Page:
Between 2001 and 2016, the median age in the EU increased by 4.3 years. Put another way, Europe’s median age increased by more than three and a half months per year of that period. But this disguises significant variation. Germany’s median age, at 45.8 years, is almost ten years more than Ireland’s, which currently stands at 36.4. At 37, an Irishman will have more compatriots younger than him than he does older, while his German cousin will need to wait until he’s 46 for the same sensation.
Europe is ageing in part because people are living longer. A German born in 1980 could expect to live until 73, but one born in 2015 should pass 80. Life expectancy for all Europeans increased by 2.9 years between 2001 and 2016, though there is wide variation in life expectancy between countries. A man born in Sweden can expect to live 11 years longer than one born in Lithuania (80.4 and 69.2 years respectively).
Women live longer than men. The UK has one of the lowest gender gaps in life expectancy at birth in the EU, with females only expected to live for 3.6 years longer than males. In Lithuania females are expected to outlast males by ten and a half years.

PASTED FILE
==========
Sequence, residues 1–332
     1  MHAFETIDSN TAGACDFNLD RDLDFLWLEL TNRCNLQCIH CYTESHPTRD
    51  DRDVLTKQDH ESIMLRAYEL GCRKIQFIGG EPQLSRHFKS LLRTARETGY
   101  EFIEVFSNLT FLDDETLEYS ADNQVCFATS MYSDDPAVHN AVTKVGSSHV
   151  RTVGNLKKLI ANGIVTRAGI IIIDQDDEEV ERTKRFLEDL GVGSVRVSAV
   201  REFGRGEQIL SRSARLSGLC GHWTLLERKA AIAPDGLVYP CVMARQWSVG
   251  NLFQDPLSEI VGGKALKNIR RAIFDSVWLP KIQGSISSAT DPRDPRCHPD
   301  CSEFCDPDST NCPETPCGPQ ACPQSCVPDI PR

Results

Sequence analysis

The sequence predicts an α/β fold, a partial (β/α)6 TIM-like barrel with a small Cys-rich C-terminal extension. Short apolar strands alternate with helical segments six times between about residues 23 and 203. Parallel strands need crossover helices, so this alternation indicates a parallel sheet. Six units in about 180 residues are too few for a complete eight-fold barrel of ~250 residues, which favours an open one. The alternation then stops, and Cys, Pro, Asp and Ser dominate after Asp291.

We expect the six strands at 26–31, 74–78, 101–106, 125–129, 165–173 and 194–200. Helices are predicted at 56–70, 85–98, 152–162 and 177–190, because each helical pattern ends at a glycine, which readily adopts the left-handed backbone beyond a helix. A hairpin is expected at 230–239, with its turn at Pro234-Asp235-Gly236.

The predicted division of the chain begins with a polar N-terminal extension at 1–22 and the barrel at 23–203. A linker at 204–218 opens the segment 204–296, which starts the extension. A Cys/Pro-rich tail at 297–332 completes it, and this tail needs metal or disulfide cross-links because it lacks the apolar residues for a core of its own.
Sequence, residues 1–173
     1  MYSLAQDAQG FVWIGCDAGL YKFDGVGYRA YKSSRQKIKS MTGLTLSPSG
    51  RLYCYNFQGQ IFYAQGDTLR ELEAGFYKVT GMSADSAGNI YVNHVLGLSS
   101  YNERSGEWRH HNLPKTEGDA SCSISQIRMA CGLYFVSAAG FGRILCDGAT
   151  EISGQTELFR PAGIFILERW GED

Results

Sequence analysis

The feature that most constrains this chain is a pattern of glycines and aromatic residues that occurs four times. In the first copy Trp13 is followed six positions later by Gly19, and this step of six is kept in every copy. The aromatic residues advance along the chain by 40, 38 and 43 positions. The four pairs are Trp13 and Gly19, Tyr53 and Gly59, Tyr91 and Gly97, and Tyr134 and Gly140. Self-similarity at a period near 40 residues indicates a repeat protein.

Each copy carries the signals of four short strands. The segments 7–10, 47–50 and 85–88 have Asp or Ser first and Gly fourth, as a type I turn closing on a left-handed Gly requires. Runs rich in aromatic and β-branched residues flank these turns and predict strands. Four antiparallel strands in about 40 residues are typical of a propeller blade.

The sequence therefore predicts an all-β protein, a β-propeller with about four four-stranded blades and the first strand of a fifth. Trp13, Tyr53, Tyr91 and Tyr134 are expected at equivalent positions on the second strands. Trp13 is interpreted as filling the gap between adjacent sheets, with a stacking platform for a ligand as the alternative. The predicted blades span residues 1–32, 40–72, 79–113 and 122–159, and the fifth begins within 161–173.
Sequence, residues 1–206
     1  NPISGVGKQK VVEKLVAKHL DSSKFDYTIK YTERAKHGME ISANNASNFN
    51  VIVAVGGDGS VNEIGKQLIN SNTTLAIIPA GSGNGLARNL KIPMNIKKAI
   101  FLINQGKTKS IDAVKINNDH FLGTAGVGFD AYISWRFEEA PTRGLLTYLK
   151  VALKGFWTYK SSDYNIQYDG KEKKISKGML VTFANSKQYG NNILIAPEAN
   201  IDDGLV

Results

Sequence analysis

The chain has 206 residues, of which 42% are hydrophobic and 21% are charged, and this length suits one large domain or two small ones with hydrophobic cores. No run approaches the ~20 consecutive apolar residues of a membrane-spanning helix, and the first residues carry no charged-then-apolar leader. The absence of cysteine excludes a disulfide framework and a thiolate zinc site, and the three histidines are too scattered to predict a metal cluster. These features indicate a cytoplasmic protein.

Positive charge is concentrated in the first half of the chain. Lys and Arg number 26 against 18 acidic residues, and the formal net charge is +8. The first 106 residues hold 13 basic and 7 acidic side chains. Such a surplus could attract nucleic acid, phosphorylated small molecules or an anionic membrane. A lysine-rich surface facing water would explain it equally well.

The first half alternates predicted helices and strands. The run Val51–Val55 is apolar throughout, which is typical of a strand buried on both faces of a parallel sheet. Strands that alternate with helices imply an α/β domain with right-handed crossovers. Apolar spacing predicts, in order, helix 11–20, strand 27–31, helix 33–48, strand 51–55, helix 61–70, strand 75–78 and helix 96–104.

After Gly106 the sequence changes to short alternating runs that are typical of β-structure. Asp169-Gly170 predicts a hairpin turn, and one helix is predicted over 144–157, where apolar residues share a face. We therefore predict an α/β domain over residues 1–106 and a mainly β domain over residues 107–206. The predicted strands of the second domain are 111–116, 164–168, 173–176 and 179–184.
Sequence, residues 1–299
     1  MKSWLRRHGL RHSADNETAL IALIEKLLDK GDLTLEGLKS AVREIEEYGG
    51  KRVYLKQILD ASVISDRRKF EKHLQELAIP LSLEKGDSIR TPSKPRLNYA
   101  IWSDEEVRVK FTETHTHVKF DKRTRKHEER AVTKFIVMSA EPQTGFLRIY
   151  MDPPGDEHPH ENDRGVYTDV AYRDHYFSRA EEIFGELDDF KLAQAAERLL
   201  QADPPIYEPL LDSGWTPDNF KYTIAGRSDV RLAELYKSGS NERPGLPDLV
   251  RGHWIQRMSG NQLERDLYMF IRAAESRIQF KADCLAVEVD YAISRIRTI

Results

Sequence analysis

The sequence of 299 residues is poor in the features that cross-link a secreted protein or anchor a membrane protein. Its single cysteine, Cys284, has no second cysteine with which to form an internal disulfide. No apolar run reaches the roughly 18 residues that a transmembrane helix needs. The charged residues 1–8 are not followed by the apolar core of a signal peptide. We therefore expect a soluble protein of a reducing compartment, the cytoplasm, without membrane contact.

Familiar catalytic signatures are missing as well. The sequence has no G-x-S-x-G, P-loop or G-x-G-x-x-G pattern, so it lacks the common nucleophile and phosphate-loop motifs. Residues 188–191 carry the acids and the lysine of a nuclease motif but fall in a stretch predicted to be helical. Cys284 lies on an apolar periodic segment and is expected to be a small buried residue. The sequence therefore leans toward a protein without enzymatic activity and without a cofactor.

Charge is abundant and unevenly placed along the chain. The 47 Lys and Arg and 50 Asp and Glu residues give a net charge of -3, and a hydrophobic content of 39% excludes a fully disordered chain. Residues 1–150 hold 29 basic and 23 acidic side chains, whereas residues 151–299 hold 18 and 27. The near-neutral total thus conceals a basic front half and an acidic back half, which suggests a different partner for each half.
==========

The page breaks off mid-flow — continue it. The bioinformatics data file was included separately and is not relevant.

Childhood mortality has declined because of the development of vaccines and other medical technologies, improved public health systems, and better nutrition. For example, measles, which in 1915 was the leading cause of death in children, killed only three people in the UK between 2001 and 2013. Life has also become safer in other ways. In rich countries, interstate war has become negligible as a contributor to mortality. Cars have also become less deadly: Between 1955 and 1995, traffic accidents were the leading killer of children in Britain. By 2015 they weren’t in the top ten (replaced by cancer as the most frequent cause of death).